What happened in the world of mortgages
2021 was a big year for the property market. While commentators had predicted that Covid-19 would cause a big correction in house prices, values steamed ahead and in the latter half of the year the national median price was up more than 30 per cent on 2020.
But there were a lot of changes that affected home loans in the year, which could play a part in how 2022 shakes down for homeowners and aspiring buyers.
2021 started with predictions of a negative official cash rate. But virtually within weeks it was clear that was not going to be needed.
The economy shot out of the 2020 lockdown, and by the middle of the year, retail interest rates were rising at most lenders. In October, the Reserve Bank announced the first increase in the official cash rate in seven years. The 25-basis point increase, taking the rate to 0.5 per cent, would have happened earlier but was postponed due to the outbreak of the Delta variant in the North Island. Interest rates are predicted to continue to slowly increase over the coming years, although rising inflation could put pressure on more quickly.
Loan-to-value restrictions, which were removed when Covid-19 first hit New Zealand, returned in March, allowing banks to lend only up to 20 per cent of new loans to owner-occupiers with deposits of less than 20 per cent, and only 5 per cent of new lending to investors with deposits or equity of less than 30 per cent.
By May, the requirement had increased for investors to 40 per cent, and then from November 1, the owner-occupier limit tightened too, allowing just 10 per cent of new lending to be to owner-occupiers with less than 20 per cent deposit.
As part of changes to the Credit Contracts and Consumer Finance Act, new rules from 1st December tackled the way that lenders work out whether borrowers can afford their loans.
Lenders can no longer just rely on the information provided by the borrower and have to show they’ve made reasonable inquiries about the affordability and suitability of a loan. This is a key area where having a mortgage adviser like us in your corner can really benefit you: we can help you navigate this process and understand the new requirements.
If you have equity in your home and you’re looking at freeing that up with a mortgage top-up, the affordability change is likely to affect you, too.
When you apply for more lending, you’ll have to explain why you’re taking on more debt. If you’d like to borrow against your house for renovations, you might need to be willing to supply a quote for the work you’re having done. You might also find you’re facing extra criteria, like a reduced period of time in which to pay off the new borrowing. Once again, get in touch if you’d like to discuss this further.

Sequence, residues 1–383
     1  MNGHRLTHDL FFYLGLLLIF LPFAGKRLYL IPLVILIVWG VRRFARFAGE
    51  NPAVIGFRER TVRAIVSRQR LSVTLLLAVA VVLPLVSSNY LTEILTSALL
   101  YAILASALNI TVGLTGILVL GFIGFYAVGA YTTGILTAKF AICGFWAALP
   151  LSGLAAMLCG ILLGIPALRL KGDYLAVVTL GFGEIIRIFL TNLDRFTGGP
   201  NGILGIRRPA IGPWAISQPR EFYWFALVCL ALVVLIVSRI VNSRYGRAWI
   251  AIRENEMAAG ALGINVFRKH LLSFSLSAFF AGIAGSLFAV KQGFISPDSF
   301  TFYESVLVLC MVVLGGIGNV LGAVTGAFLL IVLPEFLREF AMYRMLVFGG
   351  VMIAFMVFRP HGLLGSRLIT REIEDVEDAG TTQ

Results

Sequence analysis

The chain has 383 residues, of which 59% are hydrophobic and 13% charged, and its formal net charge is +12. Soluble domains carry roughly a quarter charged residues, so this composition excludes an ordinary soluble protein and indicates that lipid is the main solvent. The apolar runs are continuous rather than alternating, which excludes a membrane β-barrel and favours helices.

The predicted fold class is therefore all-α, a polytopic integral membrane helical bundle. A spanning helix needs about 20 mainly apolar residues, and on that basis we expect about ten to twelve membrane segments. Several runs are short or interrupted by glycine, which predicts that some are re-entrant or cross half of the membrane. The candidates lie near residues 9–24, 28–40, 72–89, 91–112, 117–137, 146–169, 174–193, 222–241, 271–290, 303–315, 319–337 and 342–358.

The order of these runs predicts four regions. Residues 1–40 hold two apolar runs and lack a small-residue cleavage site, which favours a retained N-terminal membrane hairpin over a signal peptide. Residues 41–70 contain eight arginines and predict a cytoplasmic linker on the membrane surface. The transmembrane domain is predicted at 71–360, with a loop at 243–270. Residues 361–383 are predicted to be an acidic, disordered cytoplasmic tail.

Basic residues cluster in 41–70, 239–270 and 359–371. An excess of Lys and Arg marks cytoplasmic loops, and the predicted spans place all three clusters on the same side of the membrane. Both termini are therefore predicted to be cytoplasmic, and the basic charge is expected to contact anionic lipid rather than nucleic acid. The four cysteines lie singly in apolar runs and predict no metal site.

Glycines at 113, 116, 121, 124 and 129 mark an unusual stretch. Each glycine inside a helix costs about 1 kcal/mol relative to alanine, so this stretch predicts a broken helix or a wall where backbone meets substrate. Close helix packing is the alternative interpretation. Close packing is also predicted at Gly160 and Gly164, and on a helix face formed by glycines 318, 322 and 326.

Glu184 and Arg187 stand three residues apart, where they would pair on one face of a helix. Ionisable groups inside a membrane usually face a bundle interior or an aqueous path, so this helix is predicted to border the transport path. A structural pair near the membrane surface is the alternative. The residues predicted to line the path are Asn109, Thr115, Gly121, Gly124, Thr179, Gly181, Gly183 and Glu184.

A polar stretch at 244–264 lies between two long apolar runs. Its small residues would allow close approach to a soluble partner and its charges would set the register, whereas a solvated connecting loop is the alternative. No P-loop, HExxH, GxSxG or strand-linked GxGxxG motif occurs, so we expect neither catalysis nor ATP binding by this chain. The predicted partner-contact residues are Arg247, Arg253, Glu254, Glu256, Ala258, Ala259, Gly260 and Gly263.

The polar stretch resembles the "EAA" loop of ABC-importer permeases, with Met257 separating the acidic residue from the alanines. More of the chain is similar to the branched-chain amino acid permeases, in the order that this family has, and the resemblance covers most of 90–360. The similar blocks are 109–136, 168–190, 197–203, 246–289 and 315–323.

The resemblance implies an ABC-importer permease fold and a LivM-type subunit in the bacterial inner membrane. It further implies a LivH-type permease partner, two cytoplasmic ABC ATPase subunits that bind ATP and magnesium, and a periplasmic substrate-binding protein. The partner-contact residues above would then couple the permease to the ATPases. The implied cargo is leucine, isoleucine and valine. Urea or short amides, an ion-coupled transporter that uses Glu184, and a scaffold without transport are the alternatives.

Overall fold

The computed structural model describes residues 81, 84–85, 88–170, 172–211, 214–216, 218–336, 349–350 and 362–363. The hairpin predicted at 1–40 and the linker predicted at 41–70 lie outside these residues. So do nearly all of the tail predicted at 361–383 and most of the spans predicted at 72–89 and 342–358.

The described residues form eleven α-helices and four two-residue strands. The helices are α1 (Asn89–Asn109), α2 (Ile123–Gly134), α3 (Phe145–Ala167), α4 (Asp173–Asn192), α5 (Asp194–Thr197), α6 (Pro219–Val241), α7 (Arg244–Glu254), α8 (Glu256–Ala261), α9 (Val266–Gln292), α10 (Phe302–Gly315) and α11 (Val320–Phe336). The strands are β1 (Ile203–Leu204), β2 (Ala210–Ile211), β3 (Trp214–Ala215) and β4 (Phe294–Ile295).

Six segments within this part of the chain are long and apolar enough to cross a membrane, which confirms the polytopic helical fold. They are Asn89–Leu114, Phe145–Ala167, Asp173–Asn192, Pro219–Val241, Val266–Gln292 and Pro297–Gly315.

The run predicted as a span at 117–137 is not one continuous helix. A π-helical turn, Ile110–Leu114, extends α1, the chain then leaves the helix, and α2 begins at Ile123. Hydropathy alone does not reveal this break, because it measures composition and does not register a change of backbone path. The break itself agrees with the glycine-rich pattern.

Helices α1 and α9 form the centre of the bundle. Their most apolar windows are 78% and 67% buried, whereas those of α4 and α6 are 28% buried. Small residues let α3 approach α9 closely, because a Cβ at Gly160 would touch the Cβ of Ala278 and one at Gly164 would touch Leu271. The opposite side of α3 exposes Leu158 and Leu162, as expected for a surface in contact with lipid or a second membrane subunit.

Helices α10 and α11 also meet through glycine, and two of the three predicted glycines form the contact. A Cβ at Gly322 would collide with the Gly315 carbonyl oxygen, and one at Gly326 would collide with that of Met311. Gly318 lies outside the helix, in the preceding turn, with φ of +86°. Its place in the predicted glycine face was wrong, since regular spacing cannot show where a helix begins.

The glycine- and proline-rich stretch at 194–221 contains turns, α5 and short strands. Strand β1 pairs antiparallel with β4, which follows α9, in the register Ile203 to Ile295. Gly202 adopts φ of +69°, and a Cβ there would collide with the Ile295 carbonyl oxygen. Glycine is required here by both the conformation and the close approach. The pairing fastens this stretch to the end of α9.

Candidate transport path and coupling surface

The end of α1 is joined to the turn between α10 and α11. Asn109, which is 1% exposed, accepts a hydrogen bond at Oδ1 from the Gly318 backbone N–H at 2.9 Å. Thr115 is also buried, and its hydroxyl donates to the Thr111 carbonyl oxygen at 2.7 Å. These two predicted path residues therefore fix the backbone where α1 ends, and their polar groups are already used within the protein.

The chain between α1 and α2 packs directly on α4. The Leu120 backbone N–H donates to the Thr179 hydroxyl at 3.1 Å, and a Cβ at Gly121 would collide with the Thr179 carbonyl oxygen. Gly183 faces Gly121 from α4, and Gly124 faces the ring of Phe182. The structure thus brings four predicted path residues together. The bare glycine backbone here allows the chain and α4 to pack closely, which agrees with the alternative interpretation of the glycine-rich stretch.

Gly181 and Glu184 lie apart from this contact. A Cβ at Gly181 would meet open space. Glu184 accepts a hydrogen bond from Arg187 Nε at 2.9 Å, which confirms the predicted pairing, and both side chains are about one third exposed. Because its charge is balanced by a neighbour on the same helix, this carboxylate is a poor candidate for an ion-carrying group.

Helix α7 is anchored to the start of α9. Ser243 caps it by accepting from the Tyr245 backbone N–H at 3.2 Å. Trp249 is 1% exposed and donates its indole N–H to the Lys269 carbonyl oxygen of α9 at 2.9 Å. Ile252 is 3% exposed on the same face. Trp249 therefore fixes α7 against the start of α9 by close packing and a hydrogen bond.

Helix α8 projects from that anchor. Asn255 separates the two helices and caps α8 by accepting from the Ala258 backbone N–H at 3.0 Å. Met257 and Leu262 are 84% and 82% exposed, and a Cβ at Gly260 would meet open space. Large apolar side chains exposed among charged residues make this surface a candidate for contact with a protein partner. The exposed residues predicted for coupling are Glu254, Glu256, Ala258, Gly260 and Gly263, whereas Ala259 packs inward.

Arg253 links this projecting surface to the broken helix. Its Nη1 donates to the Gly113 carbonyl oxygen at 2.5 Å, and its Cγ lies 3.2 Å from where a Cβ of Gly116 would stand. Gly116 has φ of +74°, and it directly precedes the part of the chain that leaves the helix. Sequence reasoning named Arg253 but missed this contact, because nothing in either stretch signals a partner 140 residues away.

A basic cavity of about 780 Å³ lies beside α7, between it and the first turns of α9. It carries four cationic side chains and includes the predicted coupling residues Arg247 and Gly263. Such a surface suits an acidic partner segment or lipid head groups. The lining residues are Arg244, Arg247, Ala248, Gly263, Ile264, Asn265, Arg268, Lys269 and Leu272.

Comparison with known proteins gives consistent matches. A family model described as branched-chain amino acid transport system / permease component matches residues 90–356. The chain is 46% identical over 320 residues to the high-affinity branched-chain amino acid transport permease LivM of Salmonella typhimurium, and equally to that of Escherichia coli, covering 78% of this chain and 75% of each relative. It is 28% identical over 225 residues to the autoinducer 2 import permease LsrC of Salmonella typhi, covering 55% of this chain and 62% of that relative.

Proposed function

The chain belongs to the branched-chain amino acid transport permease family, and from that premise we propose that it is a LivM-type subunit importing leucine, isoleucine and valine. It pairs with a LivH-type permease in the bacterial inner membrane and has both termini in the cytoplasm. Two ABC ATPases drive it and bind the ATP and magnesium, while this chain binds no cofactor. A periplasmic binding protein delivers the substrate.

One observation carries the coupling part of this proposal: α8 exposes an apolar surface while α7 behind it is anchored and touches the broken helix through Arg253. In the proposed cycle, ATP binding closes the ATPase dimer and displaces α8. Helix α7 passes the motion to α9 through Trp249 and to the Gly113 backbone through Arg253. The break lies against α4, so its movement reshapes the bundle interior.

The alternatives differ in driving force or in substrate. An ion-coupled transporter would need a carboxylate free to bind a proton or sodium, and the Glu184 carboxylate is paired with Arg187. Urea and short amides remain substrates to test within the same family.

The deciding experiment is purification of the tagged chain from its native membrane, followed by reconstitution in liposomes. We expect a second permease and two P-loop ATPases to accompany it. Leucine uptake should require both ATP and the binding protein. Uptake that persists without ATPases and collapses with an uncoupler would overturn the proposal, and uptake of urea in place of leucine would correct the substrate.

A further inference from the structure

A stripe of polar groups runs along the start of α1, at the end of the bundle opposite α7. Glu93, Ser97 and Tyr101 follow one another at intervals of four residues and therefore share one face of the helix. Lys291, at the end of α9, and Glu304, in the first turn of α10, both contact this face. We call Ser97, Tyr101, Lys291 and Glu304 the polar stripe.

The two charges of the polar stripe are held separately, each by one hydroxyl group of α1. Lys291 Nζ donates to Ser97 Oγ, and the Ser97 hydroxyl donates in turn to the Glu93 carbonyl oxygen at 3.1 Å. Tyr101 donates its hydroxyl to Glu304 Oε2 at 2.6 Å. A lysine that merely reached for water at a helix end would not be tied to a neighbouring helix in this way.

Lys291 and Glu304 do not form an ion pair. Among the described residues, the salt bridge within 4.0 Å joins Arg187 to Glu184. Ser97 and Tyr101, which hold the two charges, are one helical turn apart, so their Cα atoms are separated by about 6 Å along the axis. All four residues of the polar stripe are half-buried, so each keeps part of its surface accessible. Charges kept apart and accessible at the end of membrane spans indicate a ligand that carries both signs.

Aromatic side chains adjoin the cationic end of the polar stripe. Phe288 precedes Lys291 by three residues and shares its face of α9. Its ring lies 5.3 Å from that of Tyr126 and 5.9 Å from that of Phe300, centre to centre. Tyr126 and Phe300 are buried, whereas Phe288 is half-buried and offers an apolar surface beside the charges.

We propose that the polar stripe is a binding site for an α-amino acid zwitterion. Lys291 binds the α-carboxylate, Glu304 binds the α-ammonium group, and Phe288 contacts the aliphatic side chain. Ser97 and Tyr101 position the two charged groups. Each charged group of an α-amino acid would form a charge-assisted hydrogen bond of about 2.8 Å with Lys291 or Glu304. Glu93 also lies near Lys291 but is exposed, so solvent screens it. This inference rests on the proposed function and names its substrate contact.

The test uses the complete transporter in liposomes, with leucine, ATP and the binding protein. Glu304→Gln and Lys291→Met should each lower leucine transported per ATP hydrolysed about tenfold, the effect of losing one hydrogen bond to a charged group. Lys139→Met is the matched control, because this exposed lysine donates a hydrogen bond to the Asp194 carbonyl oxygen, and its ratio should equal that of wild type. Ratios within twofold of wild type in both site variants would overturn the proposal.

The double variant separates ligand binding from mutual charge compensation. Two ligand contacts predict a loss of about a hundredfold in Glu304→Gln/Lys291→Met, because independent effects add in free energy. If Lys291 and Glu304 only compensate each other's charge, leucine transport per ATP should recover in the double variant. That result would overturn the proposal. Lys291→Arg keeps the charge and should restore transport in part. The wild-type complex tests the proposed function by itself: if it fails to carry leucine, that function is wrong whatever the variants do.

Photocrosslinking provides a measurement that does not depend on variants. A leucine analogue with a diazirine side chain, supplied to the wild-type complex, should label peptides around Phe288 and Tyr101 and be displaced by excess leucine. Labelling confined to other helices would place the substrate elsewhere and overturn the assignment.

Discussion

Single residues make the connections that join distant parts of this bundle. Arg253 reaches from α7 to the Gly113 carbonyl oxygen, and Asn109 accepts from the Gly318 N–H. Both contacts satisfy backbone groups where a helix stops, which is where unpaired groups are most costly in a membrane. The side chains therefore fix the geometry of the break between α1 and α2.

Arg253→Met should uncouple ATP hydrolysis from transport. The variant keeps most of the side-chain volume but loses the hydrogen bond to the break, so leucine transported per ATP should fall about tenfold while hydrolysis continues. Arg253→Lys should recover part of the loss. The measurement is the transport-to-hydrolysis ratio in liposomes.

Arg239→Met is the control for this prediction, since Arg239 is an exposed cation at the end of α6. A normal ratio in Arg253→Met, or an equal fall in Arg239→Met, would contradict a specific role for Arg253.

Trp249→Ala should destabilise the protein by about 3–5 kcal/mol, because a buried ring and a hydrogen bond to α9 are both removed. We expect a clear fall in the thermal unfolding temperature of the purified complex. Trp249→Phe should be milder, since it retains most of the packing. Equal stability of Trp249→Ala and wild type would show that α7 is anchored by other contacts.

Not a mortgage change but important nonetheless, the Government has extended the period of time in which the bright-line test applies on the sale of certain property. This test requires that profits made from a sale are taxed at the seller’s marginal tax rate.
In March, the Government said profits would now be taxed on properties sold within ten years, instead of the previous five (except for new builds). The rule usually only applies to investment properties, but there are ways that owner-occupiers can be caught out – make sure you contact a tax professional to learn more.
In 2021, the Government also announced it would phase out investors’ ability to offset their home loan interest costs against the rent they receive on their properties. That means that many investors face a bigger tax bill in future. But the rule will not apply to properties built after March 2020, and there are signs that it’s prompting some investors to shift their attention to new properties instead.
Need a hand navigating the market?
Things are changing quickly at the moment, and it can be challenging to keep up with all the rules. Fortunately, it’s our job to take care of that for you. So please don’t hesitate to contact us: we’ll help you work out what you need to know to achieve your dreams in 2022.
Disclaimer: Please note that the content provided in this article is intended as an overview and as general information only. While care is taken to ensure accuracy and reliability, the information provided is subject to continuous change and may not reflect current developments or address your situation. Before making any decisions based on the information provided in this article, please use your discretion and seek independent guidance.